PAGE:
Al-Zayyat’s book is profound. It consistently brings into question the idea that women are taught to submit to society and then challenged to be their own person within their confines. It shows how repression can ruin lives and steal away courage and strength. It reveals that Egypt and Layla are one and the same, that abuse and influence treat any and everything the same.
Al-Zayyat dissects what it is to be a woman in the world. Her main character is every girl, across countries and cultures. She has finally exposed society’s experiment on women. However, it is not just an experiment on women, it is an experiment on imperialism and the results of resistance. Like Layla, Egypt is growing into its own, constantly changing and evolving with the people who involve themselves with it. It is influenced, strengthened and sometimes left helpless by the people who abuse it.
Immediately, there are visible parallels with the Arab Spring and with stories of its impact on Egyptians, such as in Basma Abdel Aziz’s “The Queue” and Bassem Youssef’s “Revolution for Dummies.” The scenes of political oppression and the pushback of the people are one and the same.
With the publication of “The Open Door,” Al-Zayyat was recognized as a revolutionary for social change and for women’s liberation. At the time her book was published, there were a host of women from whom she could draw inspiration, but to write about societal freedoms for women in a controlled patriarchal society and to write of female characters coming into their own by fighting social and political repression by finding their voices and joining conversations about the future of their country had not been done before.
Al-Zayyat herself lived through the crisis and, therefore, it is speculated that the book is the result of what she observed with her very own eyes. She was an activist for human rights and freedom of expression and lived during a time of great change in Egypt. She dug her feet into the sand to document the change and managed to stay standing until the end, as an Egyptian and as a woman with a voice equal to any other citizen.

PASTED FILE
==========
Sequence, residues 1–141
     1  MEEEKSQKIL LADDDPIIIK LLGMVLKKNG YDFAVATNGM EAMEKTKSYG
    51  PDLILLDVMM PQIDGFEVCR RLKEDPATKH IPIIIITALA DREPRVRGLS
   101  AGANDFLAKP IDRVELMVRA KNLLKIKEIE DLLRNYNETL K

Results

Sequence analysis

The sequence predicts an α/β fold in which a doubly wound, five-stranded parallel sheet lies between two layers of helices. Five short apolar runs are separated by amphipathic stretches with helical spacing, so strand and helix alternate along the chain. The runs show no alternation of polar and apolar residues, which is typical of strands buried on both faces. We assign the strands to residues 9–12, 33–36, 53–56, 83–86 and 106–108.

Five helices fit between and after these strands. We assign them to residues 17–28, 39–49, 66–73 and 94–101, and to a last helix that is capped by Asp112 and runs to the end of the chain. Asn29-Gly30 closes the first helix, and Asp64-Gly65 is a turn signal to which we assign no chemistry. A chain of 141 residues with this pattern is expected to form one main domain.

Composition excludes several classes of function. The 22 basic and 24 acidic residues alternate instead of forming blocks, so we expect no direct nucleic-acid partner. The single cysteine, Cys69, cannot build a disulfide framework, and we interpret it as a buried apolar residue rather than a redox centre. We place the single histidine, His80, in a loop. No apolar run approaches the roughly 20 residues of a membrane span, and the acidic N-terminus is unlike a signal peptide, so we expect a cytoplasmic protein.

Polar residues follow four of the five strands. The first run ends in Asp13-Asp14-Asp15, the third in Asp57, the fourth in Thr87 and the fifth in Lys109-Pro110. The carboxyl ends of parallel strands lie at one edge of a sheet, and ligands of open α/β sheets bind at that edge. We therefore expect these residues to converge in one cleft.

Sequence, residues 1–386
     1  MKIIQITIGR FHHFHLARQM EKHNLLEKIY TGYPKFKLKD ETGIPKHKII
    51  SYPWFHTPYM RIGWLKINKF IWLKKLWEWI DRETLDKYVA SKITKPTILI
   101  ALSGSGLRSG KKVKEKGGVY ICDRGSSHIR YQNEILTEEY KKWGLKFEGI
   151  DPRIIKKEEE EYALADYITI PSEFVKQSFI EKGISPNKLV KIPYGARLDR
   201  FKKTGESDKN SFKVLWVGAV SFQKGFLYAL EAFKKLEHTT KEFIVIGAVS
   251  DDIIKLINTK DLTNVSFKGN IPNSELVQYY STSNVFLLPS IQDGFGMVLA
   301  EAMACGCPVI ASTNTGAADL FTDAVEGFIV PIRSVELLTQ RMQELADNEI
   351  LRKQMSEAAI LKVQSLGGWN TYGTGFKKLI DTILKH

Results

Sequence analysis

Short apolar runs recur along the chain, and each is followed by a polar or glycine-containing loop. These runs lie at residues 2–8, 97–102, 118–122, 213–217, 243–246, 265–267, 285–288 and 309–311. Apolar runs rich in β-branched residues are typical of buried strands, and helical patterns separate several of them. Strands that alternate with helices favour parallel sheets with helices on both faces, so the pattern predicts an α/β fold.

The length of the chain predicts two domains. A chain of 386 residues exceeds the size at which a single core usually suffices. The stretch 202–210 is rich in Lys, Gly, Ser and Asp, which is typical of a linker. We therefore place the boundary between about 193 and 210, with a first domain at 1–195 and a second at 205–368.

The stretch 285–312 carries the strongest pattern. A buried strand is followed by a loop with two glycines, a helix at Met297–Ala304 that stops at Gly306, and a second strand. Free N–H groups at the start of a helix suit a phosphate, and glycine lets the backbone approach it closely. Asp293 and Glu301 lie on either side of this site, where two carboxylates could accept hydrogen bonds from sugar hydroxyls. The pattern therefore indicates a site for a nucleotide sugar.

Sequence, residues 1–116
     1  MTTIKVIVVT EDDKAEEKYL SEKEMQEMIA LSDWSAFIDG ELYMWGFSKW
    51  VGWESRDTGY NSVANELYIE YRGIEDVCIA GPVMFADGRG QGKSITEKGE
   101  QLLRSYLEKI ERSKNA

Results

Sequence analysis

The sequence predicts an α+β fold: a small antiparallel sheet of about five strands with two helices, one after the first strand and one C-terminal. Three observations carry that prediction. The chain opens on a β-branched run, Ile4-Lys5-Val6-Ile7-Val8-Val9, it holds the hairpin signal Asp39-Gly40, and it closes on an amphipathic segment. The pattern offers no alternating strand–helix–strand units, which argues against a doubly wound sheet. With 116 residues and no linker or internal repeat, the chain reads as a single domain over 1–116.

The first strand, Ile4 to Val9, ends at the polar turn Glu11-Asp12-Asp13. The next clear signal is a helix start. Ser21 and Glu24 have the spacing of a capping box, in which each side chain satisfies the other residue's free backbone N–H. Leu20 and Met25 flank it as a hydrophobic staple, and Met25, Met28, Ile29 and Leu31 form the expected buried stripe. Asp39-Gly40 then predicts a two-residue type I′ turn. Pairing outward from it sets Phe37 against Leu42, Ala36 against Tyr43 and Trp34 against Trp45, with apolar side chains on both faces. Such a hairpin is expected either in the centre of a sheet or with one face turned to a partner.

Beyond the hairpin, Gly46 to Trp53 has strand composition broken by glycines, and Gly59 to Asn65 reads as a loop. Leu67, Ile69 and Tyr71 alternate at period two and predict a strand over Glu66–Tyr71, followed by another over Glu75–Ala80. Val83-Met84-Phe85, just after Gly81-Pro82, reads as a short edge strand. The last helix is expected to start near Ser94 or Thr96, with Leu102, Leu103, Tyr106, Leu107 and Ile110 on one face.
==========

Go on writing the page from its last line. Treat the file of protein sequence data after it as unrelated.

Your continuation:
What We Are Reading Today: How Plants Work

Updated 22 September 2018
0

What We Are Reading Today: How Plants Work

  • Each section of the book focuses on a specific part of the plant — such as roots, stems and trunks, leaves, cones and flowers, and seeds and fruits

Author: Stephen Blackmore

All the plants around us today are descended from simple algae that emerged more than 500 million years ago. While new plant species are still being discovered, it is thought that there are around 400,000 species in existence.
From towering redwood trees and diminutive mosses to plants that have stinging hairs and poisons, the diverse range of plant life is extraordinary. How Plants Work is a fascinating inquiry into, and celebration of, the complex plant kingdom, says a review on the Princeton University Press website.
With an extended introduction explaining the basics of plant morphology — the study of plant structures and their functions — this book moves beyond mere classification and anatomy by emphasizing the relationship between a plant and its environment.
It provides evolutionary context drawn from the fossil record and information about the habitats in which species evolved and argues for the major influence of predation on plant form.
Each section of the book focuses on a specific part of the plant — such as roots, stems and trunks, leaves, cones and flowers, and seeds and fruits — and how these manifest in distinct species, climates, and regions. The conclusion examines the ways humans rely on plant life and have harnessed their capacity for adaptation through selection and domestication.
Abundantly illustrated with 400 color images documenting a wide range of examples, How Plants Work is a highly informative account about an integral part of our natural world.